KDNK Malaysia kini berjumlah $320.25 billion (RM1.3 trillion) untuk tahun 2017.  Ini menjadikan kos projek ECRL pada kadar 4.1 peratus dari KDNK manakala projek Forest City pada kadar 1.6 peratus setahun.  Jumah hutang keseluruhan negara ialah sebanyak RM685.1 billion atau 50.9 peratus dari KDNK.  Dari jumlah ini, RM662.4 billion adalah hutang dalam negara manakala hanya RM22.7 billion merupakan hutang luar pesisir pantai.

Yang menariknya, setakat bulan Oktober 2017, hutang Amerika Syarikat kepada China berjumah $1.2 trillion, iaitu 19 peratus dari sejumlah $6.3 trillion dalam bentuk bil-bil Perbendaharaan, wang, dan bon-bon yang dipegang oleh negara-negara luar.  KDNK AS pada tahun 2016 adalah sebanyak $18.57 trillion dan ini menjadikan kadar hutang AS kepada China berbanding KDNKnya sebanyak 6.5 peratus.

Sudah tentu kita boleh membiayai projek-projek di atas tanpa mengambil sebarang pinjaman.  Rizab matawang asing kita berjumlah RM414.71 billion ($102.17 billion), lebih dari mencukupi untuk pembiayaan kedua-dua projek tersebut.Jika kita gunakan kaedah di zaman Tun Mahathir, Petronas mempunyai pegangan tunai sebanyak RM129 billion ($31.8 billion) manakala KWSP mempunyai aset-aset yang bernilai $771 billion ($189.9 billion).  Ini tidak termasuk pegangan tunai dan aset-aset kepunyaan Khazanah, Tabung Haji, KWAP, SOCSO, PNB dan lain-lain institusi kerajaan.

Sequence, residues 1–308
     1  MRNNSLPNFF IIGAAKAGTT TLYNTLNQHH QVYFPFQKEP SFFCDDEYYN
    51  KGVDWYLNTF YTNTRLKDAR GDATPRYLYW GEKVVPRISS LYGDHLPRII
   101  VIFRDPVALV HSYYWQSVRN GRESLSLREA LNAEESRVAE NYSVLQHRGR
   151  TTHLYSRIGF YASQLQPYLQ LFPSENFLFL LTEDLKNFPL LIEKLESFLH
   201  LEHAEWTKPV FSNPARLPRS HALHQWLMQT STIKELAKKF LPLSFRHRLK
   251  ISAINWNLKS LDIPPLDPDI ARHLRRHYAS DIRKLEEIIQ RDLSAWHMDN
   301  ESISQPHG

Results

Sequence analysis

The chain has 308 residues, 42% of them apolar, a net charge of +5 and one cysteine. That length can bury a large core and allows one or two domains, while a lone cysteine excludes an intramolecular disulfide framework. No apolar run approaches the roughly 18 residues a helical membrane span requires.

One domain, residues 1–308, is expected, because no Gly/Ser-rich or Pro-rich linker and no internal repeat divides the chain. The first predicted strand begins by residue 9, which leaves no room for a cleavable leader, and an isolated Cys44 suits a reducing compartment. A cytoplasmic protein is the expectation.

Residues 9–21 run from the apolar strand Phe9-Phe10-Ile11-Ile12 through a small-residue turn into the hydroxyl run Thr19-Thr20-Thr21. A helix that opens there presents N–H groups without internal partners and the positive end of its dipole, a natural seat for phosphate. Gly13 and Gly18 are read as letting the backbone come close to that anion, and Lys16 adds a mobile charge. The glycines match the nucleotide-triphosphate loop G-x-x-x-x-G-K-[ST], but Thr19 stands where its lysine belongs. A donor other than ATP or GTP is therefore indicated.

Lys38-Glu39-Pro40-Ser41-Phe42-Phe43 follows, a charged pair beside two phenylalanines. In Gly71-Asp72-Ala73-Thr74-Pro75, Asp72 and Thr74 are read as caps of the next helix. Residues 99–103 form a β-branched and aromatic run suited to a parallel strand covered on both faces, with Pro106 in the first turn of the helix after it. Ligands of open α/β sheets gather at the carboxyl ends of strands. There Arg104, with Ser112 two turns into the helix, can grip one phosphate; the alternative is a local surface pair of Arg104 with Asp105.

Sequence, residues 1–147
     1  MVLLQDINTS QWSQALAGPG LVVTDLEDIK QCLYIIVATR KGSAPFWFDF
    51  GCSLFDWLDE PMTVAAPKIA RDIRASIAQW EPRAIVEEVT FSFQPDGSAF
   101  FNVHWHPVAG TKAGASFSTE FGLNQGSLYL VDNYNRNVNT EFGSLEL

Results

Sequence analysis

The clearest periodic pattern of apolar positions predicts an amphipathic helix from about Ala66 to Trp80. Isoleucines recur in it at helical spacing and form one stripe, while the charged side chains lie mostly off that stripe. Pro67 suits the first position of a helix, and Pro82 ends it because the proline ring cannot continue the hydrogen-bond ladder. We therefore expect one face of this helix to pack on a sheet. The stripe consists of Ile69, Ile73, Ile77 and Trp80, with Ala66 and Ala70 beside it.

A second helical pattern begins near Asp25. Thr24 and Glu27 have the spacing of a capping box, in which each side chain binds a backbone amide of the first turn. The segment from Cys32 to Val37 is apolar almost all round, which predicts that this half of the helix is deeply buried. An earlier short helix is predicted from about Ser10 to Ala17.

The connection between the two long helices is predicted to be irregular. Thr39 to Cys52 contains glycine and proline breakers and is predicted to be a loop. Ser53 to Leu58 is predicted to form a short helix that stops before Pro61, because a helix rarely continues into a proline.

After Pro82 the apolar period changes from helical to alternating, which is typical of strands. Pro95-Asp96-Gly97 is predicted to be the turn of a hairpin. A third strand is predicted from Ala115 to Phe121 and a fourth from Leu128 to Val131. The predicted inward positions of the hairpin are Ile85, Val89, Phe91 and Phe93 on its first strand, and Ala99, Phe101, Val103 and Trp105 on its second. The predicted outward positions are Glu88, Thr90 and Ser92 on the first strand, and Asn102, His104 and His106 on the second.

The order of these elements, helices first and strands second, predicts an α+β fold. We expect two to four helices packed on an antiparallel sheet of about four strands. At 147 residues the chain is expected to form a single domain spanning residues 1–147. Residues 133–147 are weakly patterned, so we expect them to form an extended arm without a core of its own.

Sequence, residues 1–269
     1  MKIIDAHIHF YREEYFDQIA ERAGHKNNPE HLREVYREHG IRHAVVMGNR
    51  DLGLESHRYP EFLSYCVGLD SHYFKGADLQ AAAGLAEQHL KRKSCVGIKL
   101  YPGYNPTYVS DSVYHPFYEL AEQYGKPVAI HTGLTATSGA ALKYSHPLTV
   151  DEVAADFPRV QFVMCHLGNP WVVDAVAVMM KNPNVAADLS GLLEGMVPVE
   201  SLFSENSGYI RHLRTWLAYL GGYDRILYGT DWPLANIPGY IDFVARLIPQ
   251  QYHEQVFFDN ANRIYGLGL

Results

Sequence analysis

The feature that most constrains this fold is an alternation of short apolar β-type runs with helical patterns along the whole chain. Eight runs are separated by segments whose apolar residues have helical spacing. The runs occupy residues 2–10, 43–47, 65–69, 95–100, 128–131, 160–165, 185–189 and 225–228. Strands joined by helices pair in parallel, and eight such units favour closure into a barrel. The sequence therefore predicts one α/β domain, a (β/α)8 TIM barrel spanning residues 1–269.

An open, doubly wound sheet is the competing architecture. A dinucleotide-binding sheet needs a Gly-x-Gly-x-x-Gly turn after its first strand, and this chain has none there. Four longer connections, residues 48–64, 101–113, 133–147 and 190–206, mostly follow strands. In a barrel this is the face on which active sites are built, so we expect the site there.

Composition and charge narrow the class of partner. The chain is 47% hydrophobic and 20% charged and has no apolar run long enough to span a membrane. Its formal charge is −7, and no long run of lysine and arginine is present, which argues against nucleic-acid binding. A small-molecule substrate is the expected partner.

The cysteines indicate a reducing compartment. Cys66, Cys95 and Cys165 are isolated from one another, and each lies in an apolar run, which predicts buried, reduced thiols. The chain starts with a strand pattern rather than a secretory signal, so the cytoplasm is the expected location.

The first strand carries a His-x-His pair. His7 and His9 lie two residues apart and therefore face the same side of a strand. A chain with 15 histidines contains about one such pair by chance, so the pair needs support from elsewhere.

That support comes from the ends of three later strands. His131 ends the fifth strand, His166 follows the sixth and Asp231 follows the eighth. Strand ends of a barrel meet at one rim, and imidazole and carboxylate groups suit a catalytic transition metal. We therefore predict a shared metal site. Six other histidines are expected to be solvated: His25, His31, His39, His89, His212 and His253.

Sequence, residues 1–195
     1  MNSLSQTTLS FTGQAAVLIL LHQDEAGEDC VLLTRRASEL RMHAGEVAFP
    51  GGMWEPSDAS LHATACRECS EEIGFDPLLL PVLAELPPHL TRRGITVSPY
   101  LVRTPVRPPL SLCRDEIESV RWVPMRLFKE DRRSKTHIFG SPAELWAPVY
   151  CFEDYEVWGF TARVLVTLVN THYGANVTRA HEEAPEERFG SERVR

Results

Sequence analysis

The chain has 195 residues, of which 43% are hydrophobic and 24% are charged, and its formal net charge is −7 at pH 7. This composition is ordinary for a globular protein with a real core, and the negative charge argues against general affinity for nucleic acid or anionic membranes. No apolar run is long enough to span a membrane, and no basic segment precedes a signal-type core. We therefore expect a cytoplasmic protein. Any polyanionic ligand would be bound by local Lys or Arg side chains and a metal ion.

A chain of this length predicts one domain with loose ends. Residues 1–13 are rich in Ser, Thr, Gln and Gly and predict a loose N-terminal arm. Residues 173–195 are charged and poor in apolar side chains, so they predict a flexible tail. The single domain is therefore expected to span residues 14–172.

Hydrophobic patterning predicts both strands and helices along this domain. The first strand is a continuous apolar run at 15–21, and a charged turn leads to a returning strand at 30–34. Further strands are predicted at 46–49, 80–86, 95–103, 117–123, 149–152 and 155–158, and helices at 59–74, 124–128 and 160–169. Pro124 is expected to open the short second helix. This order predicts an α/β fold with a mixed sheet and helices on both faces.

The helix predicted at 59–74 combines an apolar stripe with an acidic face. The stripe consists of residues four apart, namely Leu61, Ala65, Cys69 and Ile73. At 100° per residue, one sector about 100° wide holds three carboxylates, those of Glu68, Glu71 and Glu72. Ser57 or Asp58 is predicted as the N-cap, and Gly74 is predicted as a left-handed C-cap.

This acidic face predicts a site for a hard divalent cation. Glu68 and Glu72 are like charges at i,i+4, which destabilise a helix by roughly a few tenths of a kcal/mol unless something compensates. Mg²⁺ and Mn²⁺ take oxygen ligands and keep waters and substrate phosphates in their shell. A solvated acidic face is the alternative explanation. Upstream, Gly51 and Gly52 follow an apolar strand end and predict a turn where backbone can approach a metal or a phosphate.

Sekiranya kadar hutang kepada KDNK sebanyak 50.9 peratus merisaukan anda, ianya pernah berada pada kadar 103.4 peratus semasa Mahathir merupakan Perdana Menteri pada tahun 1985.  Dan suatu jumlah bersamaan dengan 24 peratus KDNK juga telah hilang dalam skandal Forex BNM pada tahun 1991 iaitu semasa Mahathir masih lagi Perdana Menteri Malaysia.  24 peratus daripada KDNK sekiranya ia berlaku sekarang bersamaan dengan hilangnya RM315 billion dari RM1.3 trillion.  Sebagai perbandingan, kadar hutang kepada KDNK Singapura ialah 112 peratus dan negara tersebut berada di tangga ke-10 dari 17 negara yang mempunyai kadar hutang berbanding KDNK paling tinggi di dunia yang disenaraikan oleh Business Insider, UK.  Jepun menduduki tempat pertama dengan kadar 239.2 peratus!